Kids & sports & bassoon lessons
There was a volleyball camp this winter and my wife and I wanted our 7-year-old daughter Harper to do it. It was every Saturday for 6 weeks, or something like that.
“I don’t want to give up my Saturdays,” Harper responded.
It was a shockingly mature and reasonable thing to say. Annie loved playing volleyball and we really wanted her to do it. But we really didn’t have an argument beyond that.
So we didn’t sign her up.
Right now, I feel like she’s in discovery mode and it’s our job to expose her to as many things as possible. But what if she is the most naturally-gifted bassoon player ever and we haven’t exposed her to a bassoon because I’m really not even sure what a bassoon is?!
Yet she feels no pressure to discover and we feel pressure to expose.
She should be learning Spanish? Did we miss the magical language learning window?
Volleyball is huge in Delaware County, Indiana, and if you don’t start playing while in utero you’ll be left behind!!
As a parent, when do you push kids toward an activity, and when do you allow them to discover their passion on their own?
This is a question we’re wrestling with a bit right now. Even more so, when I lay it out like I just have. We’re also concerned that she’ll love to do too much and we’ll spend half our week running all over between practice and lessons, and the weekend on travel teams.
Now add our son Griffin, 4, into the mix. What will he want to play? What should we expose him to?
I’m not criticizing any of the above. I believe sports build character, we all should be multilingual, and music expands the mind. I have no doubt that some of the above is in our future, and I should stop stressing the hell out about it because ultimately it will be Harper and Griffin who decide.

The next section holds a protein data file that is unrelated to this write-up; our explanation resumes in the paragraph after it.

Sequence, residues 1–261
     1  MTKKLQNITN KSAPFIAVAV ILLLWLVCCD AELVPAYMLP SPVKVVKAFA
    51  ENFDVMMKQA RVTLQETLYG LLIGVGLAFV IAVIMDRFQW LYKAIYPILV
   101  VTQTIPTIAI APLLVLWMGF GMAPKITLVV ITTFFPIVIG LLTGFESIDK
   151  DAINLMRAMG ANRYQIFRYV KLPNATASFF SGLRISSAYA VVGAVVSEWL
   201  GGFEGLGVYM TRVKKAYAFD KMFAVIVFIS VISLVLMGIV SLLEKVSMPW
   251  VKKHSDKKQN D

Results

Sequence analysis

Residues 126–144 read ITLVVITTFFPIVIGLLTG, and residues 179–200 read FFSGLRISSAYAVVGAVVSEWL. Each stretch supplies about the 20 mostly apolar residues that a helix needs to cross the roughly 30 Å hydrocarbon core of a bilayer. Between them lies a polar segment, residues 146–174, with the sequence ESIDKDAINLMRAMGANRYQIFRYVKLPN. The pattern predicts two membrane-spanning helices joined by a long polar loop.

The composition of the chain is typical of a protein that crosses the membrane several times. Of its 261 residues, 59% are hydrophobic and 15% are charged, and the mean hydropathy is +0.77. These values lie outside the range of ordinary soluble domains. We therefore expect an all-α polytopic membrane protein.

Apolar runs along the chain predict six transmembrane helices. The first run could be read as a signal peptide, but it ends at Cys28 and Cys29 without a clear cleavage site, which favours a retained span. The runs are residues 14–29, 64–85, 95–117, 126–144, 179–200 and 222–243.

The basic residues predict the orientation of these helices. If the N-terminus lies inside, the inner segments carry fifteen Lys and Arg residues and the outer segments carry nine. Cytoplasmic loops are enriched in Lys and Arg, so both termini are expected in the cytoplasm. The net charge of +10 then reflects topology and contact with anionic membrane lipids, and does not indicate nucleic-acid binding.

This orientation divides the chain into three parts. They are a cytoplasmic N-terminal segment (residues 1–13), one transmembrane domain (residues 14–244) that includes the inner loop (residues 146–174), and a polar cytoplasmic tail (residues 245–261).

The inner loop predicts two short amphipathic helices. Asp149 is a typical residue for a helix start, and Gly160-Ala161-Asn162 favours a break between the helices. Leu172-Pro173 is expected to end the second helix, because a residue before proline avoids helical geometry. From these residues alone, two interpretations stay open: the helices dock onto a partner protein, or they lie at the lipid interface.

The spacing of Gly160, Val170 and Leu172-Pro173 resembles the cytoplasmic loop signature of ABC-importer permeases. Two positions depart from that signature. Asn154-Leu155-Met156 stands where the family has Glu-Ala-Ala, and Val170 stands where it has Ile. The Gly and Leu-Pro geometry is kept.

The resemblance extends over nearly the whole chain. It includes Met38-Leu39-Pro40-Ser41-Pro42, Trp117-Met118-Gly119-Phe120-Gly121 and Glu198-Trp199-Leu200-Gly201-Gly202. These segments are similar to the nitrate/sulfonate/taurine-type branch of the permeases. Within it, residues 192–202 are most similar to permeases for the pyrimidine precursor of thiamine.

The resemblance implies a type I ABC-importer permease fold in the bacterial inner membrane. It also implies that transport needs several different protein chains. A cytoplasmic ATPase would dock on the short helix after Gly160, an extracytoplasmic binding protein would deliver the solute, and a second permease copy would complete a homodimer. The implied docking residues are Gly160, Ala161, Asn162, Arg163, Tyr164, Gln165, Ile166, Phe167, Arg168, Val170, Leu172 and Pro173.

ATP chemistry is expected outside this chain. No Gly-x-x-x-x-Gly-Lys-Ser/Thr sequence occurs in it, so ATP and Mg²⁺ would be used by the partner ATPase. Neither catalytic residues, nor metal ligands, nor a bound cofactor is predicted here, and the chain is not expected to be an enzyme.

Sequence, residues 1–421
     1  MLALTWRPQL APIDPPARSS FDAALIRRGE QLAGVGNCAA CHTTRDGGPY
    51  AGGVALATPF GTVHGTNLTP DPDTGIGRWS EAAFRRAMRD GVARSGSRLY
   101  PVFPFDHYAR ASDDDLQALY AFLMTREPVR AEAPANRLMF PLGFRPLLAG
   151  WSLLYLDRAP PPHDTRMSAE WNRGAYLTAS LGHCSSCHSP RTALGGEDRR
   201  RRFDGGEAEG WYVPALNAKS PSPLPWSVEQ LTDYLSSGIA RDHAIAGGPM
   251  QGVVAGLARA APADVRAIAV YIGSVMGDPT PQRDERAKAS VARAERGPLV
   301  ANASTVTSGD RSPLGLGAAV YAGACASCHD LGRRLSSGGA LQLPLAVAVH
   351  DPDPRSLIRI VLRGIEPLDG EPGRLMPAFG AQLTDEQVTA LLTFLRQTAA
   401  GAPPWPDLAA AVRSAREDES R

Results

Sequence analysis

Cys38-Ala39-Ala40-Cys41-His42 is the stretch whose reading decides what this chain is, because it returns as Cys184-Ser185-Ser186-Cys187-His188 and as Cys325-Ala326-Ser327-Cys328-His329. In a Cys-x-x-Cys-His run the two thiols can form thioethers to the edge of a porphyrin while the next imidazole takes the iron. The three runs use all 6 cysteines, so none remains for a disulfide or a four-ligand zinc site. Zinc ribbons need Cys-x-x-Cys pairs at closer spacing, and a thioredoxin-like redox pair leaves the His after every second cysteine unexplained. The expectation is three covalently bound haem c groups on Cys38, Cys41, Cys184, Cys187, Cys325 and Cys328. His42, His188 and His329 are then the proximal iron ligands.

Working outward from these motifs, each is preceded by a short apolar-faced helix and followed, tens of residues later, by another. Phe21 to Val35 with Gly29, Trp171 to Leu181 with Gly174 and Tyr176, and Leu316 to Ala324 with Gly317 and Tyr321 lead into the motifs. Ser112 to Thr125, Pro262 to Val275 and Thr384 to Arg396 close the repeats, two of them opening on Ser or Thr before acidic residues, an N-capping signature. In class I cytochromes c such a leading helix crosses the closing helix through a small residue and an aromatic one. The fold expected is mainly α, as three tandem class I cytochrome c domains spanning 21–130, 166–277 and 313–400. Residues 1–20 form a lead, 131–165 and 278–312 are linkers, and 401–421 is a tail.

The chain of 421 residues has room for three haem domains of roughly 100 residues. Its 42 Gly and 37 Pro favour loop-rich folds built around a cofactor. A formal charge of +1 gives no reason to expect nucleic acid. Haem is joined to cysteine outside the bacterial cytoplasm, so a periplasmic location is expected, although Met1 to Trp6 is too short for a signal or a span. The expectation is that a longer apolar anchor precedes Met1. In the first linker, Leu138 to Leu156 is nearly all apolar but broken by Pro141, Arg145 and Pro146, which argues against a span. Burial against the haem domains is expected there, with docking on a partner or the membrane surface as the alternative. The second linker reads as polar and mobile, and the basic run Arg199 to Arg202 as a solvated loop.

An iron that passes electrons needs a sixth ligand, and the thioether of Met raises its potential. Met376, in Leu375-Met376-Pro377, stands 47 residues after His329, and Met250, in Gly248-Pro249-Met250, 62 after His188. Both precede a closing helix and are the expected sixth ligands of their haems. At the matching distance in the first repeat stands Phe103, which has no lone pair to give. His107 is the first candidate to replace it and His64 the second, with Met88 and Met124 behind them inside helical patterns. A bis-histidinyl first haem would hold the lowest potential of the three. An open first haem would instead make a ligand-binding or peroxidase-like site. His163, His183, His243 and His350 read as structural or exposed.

I remember loving basketball. I remember getting burned out with basketball in high school. I never really loved piano, but I enjoy fiddling with my guitar a bit now, and we’re thinking of moving my old piano from my parents’ house into our basement. I look forward to playing it again.
I hope our kids get what they want out of practices, lessons, music, and sports. I hope we can allow our kids’ passions and joys to lead the way.
This whole post was inspired by a picture I took of Harper last night (see above). She was silhouetted by the setting sun as she shoots a basketball. Her form doesn’t look half bad. She wasn’t out there pounding the pavement because we forced her to be out there, she was out there because she wanted to be.
Parents, how did you decide what activities to expose your kids to?
Are you an adult who still enjoys an activity from your childhood? How were you first exposed to it?
We want our daughter to try things & decide for herself what she likes. When she was five, we took her to dance classes. She had fun but didn’t seem to connect with it. When she turned six, we introduced her to basketball. With each new thing, we are careful not to force it on her, but to be conscious that she may not be aware of possibilities that are out there if we don’t point them out to her. With a four year old, be careful that what you’re exposing them too is not too advanced for them. If they get the feeling they can’t do something, they can quickly become frustrated with it and disengage.
Jonathan, Harper went to a volleyball camp this past summer for two days. The ball hurt her arms because her arms are tiny and the ball is huge compared to her. Anyhow, that seems to have stuck in her head. I hope she’ll still give volleyball a shot. I think your advice of not going too advanced too early is spot on.